When we look at the stars after midnight

Sparkling rumors of in-game redemption

Can we still hear the echoes of angels

Who sang that first day of Christmas

Now let’s move from the personal context to the larger context. In the concert and in the car and at this moment: devastating to think about violence. Children from a Michigan school were buried just days ago. An absurd military budget, more than what the Commander-in-Chief even asked for, has just been passed in Congress. Not wanting to lay down the “weapons we always love to wield” and ready to sacrifice innocent children to have the right to continue wielding them. A military budget like this, but not enough money to vaccinate the world or for paid family leave to care for our country’s newborns. From melancholy now to tears.

Because we have committed all sins

And each leaves a different scar

It’s just the world we live in

And we could use a guiding star

Hope we can still believe

The baby Jesus holds a gift for us

Are we able to receive

Peace on earth this Christmas

From personal sin to community, the systemic. The scars left and reopened by racism, sexism, by many sins. This is the world we live in. But without giving hope, we could indeed use a guiding star. “The baby Jesus holds a gift for us” – yes, can we receive this peace? A hope indeed, a hope that can shine through loss and tears. And an invitation to participate in the peace, in the grace, of this slow kingdom to come.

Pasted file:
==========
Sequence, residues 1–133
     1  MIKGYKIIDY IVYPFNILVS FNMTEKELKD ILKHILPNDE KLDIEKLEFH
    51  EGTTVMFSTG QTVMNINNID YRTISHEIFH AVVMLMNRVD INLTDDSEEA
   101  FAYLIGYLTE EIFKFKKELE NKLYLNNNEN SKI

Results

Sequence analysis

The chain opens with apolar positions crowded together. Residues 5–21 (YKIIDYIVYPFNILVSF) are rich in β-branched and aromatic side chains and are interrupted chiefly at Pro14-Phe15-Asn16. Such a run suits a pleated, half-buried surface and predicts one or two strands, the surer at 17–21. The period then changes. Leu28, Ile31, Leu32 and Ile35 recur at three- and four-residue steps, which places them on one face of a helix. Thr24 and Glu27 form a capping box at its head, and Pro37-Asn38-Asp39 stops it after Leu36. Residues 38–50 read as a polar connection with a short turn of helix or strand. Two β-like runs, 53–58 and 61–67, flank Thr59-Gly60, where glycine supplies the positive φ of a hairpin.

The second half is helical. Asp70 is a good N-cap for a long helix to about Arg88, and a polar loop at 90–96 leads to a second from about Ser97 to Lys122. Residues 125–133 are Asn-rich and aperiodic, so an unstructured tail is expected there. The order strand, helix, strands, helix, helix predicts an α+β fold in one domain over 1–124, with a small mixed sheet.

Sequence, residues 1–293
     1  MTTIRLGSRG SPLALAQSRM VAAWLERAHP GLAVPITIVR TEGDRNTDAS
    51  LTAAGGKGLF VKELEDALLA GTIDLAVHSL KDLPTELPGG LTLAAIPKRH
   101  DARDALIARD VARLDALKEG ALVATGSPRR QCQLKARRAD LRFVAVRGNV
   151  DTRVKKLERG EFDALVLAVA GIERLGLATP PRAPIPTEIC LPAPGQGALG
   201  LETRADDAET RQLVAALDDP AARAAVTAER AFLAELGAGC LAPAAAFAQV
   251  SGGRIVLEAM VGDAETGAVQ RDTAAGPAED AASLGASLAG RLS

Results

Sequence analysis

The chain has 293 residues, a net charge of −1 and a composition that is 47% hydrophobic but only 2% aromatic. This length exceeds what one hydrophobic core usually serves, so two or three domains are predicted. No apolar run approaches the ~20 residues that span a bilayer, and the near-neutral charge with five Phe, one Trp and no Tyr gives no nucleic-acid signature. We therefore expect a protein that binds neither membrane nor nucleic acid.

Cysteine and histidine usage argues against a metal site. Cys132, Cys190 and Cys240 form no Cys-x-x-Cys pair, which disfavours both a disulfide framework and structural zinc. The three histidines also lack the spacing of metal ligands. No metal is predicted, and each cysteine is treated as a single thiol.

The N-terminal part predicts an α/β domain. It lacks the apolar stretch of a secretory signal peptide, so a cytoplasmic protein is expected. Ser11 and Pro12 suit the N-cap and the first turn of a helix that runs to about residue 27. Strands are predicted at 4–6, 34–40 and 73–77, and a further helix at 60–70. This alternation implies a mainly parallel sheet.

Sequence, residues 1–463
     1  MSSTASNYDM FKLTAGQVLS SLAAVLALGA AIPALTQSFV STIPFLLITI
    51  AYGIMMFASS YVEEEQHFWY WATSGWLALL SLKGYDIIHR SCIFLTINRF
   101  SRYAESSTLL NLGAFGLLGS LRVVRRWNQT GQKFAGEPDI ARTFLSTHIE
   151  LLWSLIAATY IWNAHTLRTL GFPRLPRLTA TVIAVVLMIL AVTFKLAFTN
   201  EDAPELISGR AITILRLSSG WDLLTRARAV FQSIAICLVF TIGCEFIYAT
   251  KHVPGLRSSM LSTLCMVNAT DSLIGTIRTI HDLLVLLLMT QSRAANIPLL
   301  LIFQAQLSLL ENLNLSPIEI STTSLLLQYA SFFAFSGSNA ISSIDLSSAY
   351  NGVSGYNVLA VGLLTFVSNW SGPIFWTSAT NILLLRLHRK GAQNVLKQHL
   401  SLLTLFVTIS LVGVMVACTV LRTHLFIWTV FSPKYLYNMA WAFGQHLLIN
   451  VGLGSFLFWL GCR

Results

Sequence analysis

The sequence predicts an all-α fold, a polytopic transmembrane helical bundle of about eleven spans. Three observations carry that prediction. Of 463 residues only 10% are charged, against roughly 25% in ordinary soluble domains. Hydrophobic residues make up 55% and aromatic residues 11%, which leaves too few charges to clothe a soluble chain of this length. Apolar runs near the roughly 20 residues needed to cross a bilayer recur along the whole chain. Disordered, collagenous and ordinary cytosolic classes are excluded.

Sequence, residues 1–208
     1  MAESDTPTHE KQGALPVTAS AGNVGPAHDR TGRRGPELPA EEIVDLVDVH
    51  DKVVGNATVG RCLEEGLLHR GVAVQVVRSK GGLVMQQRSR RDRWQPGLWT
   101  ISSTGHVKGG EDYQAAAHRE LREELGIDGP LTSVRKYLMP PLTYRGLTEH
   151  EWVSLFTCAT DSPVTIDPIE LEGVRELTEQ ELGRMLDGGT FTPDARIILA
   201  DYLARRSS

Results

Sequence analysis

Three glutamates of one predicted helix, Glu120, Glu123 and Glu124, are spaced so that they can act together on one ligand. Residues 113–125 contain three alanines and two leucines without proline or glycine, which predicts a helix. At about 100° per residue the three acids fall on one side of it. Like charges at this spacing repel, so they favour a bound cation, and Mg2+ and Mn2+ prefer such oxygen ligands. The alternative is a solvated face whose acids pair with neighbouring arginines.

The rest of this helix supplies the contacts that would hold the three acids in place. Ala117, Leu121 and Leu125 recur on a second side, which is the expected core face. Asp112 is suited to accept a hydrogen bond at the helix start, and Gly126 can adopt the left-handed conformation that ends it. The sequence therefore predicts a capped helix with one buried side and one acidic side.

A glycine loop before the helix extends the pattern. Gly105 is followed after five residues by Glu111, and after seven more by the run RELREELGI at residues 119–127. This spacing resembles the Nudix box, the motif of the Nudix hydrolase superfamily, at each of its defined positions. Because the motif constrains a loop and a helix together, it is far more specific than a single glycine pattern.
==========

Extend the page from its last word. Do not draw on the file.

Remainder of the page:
Hear the herald angels sing

Glory to the newborn king

Peace on earth and gentle mercy

God and sinners reconciled

Happy all the nations rise up

Join the triumph of heaven

With angelic hosts proclaim

Peace on earth this Christmas

The modern, melancholy folk song ends smoothly with the melody and lyrics of the beautiful Christmas hymn Charles Wesley wrote in the 18th century. Husband and wife are harmonizing now. Their harmony, as I was writing this line, brings me to Seamus Heaney’s “The Cure of Troy” and his well-known lines: “The story says, don’t hope / On this side of the grave. . / But in a lifetime The long awaited tidal wave / Justice can arise, / And hope and history rhyme.

This Christmas, may your scars (like mine) continue to heal. May our collective scars find repentance and grace. In all the topics we have covered during our first year of the Best Samaritan, where with you we often address the consequences of trauma and displacement, poverty, conflict and disaster, we are grateful to have the chance to seek with you to receive that “The baby Jesus holds a gift for us”.

Peace on earth this Christmas: not as a shallow seasonal jingle, but as our deepest mourning, our deepest hope and our deepest commitment.

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You can listen to the song Over the Rhine here.

Kent Annan co-directs the Humanitarian Disaster Institute at Wheaton College, the country’s first faith-based academic research center. Learn more and support disaster preparedness work today.